Dialog Semiconductor said Apple now planned to source the main power management chips (PMICs) for one of its three new iPhone models from two suppliers instead of just from the German chipmaker, Reuters reported.
That means that Apple will order 30 percent fewer of the wireless chips from Dialog this year than it had initially expected. If Apple is planning to source its own battery-saving chips for iPhones, it will impact Dialog.
Dialog derives more than half its revenue from supplying PMICs to Apple, the leading phone maker in the world.
Dialog Semiconductor said the reduced order volume for the PMICs will shave 5 percent off the chipmaker’s 2018 revenues. Dialog said it still expected its 2018 revenues to grow year-on-year.
Dialog Semiconductor CEO Jalal Bagherli told analysts on a conference call that the impact on 2019 revenues is likely to be similar.
Apple has not provided a reason for the change in its sourcing of chips.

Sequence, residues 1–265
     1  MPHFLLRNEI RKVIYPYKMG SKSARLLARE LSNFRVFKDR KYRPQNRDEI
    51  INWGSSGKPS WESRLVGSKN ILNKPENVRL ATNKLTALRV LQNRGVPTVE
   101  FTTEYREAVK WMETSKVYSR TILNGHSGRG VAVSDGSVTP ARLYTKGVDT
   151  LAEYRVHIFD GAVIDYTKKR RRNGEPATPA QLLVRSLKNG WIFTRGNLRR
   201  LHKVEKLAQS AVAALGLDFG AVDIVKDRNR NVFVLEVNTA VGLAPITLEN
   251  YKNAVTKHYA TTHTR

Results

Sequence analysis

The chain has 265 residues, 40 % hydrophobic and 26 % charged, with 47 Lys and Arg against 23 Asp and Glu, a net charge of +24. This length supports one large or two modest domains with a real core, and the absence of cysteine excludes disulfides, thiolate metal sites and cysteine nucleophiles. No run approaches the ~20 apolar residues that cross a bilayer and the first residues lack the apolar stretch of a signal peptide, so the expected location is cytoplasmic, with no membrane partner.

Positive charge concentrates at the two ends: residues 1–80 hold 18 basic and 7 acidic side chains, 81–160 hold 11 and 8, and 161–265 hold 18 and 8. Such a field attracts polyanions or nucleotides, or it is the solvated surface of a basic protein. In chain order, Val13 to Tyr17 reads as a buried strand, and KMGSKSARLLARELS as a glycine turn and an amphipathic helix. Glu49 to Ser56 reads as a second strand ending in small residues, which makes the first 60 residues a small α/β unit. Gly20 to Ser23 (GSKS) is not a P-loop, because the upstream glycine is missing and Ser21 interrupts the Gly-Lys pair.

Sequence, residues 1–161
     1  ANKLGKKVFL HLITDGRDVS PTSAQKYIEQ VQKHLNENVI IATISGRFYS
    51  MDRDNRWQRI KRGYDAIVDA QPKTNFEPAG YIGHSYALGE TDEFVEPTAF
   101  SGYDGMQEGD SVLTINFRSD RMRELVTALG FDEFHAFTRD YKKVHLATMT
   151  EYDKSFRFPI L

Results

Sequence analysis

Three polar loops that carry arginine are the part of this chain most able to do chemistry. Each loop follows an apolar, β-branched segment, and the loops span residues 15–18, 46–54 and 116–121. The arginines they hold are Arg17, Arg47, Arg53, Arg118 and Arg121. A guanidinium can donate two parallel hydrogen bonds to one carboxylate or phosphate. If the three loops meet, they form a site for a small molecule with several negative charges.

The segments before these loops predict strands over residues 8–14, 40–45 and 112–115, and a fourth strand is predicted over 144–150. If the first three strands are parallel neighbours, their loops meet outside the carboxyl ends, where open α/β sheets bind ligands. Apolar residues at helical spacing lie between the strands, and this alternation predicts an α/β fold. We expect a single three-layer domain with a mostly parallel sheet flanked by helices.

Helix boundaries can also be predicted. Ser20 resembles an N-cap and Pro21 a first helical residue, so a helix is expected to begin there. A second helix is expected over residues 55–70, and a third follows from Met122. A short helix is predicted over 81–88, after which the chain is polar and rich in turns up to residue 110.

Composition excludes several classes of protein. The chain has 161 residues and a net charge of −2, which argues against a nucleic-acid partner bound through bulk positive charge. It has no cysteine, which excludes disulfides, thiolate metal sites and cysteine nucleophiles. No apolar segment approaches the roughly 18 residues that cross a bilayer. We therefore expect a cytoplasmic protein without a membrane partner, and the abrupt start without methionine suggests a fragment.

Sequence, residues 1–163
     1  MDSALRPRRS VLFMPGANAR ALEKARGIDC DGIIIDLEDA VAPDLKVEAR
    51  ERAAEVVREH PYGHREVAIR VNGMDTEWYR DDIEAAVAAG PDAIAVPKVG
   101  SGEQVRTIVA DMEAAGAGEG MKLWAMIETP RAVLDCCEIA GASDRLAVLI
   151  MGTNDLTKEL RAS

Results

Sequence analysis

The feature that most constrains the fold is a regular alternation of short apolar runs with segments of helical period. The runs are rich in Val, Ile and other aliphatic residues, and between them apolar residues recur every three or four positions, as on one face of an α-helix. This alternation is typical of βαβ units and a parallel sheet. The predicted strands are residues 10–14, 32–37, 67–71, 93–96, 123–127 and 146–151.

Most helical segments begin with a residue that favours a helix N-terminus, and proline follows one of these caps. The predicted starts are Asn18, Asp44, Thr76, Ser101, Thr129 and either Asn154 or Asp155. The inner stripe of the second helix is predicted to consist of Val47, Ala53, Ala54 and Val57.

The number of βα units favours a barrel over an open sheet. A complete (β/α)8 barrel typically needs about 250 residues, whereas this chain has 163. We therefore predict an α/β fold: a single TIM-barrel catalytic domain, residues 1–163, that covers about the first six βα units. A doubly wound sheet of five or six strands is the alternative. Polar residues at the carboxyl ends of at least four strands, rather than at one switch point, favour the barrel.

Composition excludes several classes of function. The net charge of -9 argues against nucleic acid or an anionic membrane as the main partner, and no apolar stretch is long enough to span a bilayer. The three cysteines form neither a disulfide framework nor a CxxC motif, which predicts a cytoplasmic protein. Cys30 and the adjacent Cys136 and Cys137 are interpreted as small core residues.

“If you think about the fact that we are qualified for all three phones, that means there is no performance-related issue. It might be a statement of intent to reduce risk on having one supplier and have an alternative source,” he said.
Apple did not change the projected order volume for the other power management chip that Dialog is supplying for the new iPhone models – the sub-PMIC – nor for all other PMICs, including those for tablets, wearables and notebooks.
Dialog said it would continue to explore new mixed-signal opportunities outside of power management for future Apple products.
Dialog Semiconductor reported 23 percent increase in Q1 2018 revenue to $332 million with a gross margin of 46.3 percent. The semiconductor company said its mobile systems business achieved 17 percent growth.